What we’re reading: “The American Experiment: Dialogues on a Dream”

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What we’re reading: “The American Experiment: Dialogues on a Dream”

November 2, 2021 - Steve Yount

© Brad Pict/stock.adobe.com

© Brad Pict/stock.adobe.com

The American Experiment: Dialogues on a Dream is a collection of interviews financier and philanthropist David M. Rubenstein conducted with leading figures from various walks of life.

Rubenstein was an original signer of the Giving Pledge, a commitment by many of the world’s wealthiest people to dedicate the majority of their fortunes to philanthropy.

He gives generously to help preserve our American heritage, having contributed to the restoration of the Washington Monument, Monticello, Mount Vernon, the Iwo Jima Memorial, and the National Museum of African American History and Culture, among others.  Rubenstein has also helped fund documentaries on PBS, including the recently aired Muhammad Ali.

He identifies thirteen qualities “that bring us together and have made the whole American Experiment work”:

  • Democracy
  • Voting
  • Equality
  • Freedom of speech
  • Freedom of religion
  • The rule of law
  • Separation of powers
  • Civilian control of the military; peaceful transfer of power
  • Capitalism and entrepreneurship
  • Immigration
  • Diversity
  • Culture
  • The American Dream

Then Rubenstein fleshes out these ideas with interviews, conducted through the auspices of organizations such as the Smithsonian and the Library of Congress, with the likes of documentary filmmaker Ken Burns, scientist Dr. Francis Collins, presidential historian Michael Beschloss, baseball great Cal Ripken Jr., and musician Wynton Marsalis.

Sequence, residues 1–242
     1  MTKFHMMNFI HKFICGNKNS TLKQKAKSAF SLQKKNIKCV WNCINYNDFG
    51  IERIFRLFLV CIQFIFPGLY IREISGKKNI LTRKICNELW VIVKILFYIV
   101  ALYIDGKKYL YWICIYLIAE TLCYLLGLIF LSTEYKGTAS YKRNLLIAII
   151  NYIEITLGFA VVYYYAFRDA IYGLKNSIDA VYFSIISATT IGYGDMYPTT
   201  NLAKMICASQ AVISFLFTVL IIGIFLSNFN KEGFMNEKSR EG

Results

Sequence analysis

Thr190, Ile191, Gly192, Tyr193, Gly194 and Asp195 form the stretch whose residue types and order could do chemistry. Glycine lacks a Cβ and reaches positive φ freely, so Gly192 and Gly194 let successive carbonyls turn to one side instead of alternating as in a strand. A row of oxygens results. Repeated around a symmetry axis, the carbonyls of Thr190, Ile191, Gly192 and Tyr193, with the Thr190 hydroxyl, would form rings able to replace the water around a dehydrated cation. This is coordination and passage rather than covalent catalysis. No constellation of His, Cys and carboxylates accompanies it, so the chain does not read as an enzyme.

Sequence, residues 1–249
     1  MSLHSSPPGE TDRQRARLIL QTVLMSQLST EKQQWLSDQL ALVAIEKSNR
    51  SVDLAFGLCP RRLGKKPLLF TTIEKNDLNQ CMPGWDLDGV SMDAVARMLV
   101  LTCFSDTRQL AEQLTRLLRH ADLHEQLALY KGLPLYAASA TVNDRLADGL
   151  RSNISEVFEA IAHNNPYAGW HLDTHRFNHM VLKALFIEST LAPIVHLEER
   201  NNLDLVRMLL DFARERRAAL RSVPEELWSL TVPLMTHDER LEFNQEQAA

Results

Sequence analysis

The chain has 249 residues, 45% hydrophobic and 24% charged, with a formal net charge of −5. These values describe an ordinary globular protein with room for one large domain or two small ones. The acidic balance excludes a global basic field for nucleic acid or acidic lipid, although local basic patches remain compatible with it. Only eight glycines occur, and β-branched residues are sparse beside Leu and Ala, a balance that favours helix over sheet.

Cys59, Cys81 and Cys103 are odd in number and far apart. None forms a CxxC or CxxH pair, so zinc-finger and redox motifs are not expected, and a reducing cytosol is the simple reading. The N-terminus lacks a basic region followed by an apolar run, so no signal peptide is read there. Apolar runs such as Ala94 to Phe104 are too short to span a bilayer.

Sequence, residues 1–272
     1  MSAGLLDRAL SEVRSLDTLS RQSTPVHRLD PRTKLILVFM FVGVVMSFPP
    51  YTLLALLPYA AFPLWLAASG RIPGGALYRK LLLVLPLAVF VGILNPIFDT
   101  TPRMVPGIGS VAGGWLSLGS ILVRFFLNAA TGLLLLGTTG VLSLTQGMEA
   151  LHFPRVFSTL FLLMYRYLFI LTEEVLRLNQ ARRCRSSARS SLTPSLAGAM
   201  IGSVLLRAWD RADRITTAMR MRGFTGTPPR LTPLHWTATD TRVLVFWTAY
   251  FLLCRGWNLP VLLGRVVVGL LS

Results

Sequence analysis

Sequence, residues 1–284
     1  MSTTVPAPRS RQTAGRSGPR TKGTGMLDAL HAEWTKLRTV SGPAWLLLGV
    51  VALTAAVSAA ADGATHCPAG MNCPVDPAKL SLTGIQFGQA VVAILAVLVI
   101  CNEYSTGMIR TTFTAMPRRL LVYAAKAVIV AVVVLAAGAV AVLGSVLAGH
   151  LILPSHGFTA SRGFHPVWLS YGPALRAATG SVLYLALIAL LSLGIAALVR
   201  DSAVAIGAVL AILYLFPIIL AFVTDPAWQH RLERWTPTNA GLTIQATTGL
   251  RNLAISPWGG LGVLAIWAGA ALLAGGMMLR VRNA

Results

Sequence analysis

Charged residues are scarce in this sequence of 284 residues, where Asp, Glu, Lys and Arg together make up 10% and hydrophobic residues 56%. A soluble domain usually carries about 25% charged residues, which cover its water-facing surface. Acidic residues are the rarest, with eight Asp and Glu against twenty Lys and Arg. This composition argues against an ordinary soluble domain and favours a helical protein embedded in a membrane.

Why Christians should read The American Experiment

The American Experiment offers a rich, nuanced portrait of American history, with readers coming to a better understanding of our faith’s role in the writing of the Declaration of Independence and the abolition of slavery.

The big takeaway

Rubenstein’s interviews with some of our greatest historians and most accomplished athletes, artists, public servants, and scientists will leave you with a sense of optimism during this turbulent time for our country.

In their own words

“Among other things that happen to be going on in the 1820s is an evangelical religious revival. Many Americans are born again, including many free Blacks in the North. The attraction of evangelical Christianity for them is the spiritual call of equality. Male or female, Black or white, we are all equal before God.” —Jill Lepore, Harvard history and law professor

“Americans have never faced a competitor that has a larger consumer market than we do, that produces a greater variety of consumer goods than we do. . . . It’s going to be very challenging for America to meet that challenge head-on.” —Bhu Srinivasan, author of Americana: A 400-Year History of American Capitalism, about the challenge posed by China

“Congress added religious language. The document is very carefully constructed so that no particular doctrinal position is visible. It has belt-and-suspenders language – in the beginning, the phrase laws of nature, and of nature’s God. You could be a deist or you could be an atheist and think there’s a natural account about rights that is sufficient to justify the arguments of the Declaration.” —Danielle S. Allen, author of Our Declaration: A Reading of the Declaration of Independence in Defense of Equality, on changes to Thomas Jefferson’s original draft

Read the first chapter

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